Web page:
Source: Heap 2016

The mechanisms involved in the development of this resistance are not well understood, but they appear to involve gradual changes within the exposed weed populations, in some cases involving herbicide sequestration by the weed in tissues, limited herbicide translocation within it, and slow metabolism (Johnson et al 2009). However, there is another type of resistanceâ&#x20AC;&#x201D; involving the spreading of the tolerance genes engineered into the Roundup Ready plants to wild relatives. This is known as gene flow, and it reduces the weedâ&#x20AC;&#x2122;s susceptibility to glyphosate. Monitoring of GM sugar beet production in France lead to the discovery of resistant weeds that were descended from hybridisation of the GM sugar beet and weed beet, at up to 112 m distance from the nearest GM plant (Darmency et al 2007). Gene flow has also been found to occur from glyphosate-tolerant canola, corn, soybean, and creeping bentgrass. GE canola has been found growing as weeds along railways and roads in Canada. The glyphosatetolerance genes in creeping bentgrass have been found in non-GM creeping bentgrass as far as 21 km distant from where the GM version was being grown under regulation (as it had not been commercially released) (Mallory-Smith & Zapiola 2008). Constant use of glyphosate in cropping systems has affected the dynamics of weed populations, causing a species shift away from those that are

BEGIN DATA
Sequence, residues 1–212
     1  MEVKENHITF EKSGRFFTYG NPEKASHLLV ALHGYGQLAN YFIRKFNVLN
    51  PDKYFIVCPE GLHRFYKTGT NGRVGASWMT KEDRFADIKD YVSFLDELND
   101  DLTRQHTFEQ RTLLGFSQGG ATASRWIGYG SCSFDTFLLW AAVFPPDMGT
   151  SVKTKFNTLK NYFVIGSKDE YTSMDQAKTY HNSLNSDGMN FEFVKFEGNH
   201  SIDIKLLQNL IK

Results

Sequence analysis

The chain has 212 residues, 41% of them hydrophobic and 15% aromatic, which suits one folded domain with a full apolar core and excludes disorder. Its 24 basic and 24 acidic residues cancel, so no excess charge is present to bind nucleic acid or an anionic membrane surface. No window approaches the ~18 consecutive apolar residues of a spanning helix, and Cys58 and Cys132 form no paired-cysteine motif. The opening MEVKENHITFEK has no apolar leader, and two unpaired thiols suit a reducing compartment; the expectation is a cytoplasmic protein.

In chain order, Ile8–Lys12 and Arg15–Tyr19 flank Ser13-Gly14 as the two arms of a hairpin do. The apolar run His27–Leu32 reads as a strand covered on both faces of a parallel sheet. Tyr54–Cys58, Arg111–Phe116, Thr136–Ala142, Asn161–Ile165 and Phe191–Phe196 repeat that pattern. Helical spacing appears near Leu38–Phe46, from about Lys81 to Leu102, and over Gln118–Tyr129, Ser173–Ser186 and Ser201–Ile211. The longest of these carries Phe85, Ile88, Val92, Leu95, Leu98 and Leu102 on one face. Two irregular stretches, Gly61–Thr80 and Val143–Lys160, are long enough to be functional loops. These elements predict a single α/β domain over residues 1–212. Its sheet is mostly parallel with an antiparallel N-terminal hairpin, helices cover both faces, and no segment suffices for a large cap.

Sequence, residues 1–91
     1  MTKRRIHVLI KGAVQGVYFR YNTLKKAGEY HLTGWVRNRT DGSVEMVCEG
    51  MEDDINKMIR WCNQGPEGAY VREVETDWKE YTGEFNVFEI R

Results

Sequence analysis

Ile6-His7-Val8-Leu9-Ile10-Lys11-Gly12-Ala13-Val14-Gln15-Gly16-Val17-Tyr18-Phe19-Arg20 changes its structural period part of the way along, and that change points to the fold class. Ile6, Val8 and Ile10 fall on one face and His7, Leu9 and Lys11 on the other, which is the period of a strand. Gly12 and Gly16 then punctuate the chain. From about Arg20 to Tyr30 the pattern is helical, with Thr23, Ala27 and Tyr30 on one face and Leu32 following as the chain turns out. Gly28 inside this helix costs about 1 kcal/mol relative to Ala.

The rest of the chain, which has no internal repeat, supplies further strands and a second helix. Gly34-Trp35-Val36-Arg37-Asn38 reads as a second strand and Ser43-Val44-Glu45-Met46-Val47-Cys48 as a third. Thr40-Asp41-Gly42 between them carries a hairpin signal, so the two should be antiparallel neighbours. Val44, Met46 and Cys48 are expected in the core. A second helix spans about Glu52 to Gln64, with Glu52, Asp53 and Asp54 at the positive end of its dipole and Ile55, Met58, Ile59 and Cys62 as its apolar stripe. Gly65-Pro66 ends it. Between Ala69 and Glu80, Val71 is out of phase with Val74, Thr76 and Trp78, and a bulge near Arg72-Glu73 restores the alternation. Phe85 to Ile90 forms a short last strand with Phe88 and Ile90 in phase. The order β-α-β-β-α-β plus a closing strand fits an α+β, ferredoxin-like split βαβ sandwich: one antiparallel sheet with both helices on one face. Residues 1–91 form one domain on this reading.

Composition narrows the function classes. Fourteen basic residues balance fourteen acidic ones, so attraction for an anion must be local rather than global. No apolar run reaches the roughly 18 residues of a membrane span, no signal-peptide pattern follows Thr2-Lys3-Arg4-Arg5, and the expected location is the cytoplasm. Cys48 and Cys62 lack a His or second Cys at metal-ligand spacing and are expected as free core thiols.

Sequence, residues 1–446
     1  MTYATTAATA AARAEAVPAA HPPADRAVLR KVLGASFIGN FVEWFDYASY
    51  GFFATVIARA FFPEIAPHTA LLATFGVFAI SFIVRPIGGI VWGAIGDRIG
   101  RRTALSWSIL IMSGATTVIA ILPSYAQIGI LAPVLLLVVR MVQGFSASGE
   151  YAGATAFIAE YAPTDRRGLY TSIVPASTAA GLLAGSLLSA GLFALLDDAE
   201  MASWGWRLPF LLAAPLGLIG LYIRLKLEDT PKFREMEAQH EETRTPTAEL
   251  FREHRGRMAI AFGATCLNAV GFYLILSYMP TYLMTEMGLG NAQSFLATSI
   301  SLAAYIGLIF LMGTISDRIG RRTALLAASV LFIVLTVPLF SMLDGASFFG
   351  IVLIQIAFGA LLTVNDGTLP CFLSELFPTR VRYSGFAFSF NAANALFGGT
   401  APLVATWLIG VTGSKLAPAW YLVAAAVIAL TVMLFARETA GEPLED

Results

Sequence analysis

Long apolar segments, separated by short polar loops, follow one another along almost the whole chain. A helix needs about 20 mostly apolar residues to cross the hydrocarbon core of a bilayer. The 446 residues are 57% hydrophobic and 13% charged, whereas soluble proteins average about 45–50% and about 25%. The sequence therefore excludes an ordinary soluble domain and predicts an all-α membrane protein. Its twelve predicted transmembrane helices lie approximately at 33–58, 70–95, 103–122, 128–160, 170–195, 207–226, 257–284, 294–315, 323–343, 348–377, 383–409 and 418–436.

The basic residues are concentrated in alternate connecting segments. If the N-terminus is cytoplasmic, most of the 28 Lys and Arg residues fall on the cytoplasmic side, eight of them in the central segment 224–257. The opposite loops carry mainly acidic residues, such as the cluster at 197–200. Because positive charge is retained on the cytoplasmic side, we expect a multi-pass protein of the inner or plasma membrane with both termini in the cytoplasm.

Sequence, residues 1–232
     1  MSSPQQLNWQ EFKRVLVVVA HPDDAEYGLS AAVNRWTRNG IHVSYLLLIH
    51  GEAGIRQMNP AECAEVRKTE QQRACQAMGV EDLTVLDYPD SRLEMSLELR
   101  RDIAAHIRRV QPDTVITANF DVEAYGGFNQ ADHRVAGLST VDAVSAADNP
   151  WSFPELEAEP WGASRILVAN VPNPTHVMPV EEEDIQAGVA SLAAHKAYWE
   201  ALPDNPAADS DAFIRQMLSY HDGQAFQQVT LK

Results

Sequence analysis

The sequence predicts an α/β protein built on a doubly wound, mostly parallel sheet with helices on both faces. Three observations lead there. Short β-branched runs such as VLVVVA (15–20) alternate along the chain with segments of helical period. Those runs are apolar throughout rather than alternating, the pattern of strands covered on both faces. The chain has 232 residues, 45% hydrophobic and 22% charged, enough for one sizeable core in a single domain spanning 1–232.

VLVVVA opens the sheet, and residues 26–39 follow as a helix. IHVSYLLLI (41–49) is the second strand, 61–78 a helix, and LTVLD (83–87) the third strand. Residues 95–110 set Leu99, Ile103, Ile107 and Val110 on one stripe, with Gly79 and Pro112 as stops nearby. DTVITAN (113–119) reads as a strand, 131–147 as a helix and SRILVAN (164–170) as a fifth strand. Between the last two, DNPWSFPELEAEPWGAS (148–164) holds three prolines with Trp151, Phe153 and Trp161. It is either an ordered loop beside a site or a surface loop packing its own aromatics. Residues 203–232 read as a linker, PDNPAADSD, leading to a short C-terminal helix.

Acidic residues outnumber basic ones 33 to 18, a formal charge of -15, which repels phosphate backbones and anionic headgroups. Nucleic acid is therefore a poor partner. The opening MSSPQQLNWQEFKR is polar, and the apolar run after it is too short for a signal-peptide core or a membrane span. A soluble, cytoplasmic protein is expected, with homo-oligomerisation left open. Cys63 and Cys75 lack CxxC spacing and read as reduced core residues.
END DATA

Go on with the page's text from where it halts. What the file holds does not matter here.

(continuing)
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sensitive to glyphosate such as perennial grass and perennial broadleaf weeds, to weeds that are regarded as more difficult to control with herbicides, such as annual broadleaf weeds (Johnson et al 2009). It has also resulted in an increase in weed species richness in some crops, for example in a US corn-soybean rotation, in comparison with tillage and/or other herbicide regimes. Whilst these are not issues of resistance, they are important effects of glyphosate on weed dynamics, and they are reducing the utility of the Roundup Ready cropping systems (Johnson et al 2009). There is also some evidence that glyphosate at normal rates of application can induce growth in weeds that have evolved resistance to the herbicide, a process known as hormesis, where a small dose (relatively) may enhance growth rather than kill the plant (Belz & Duke 2014). Resistance to glyphosate of just 4 weeds – common ragweed, giant ragweed, common waterhemp and Palmer amaranth – is having a significant effect on corn and soybean production in the US corn belt (Johnson et al 2009). The same effects on cropping can be expected in other countries that have followed the US in adopting GM herbicide-tolerant crops.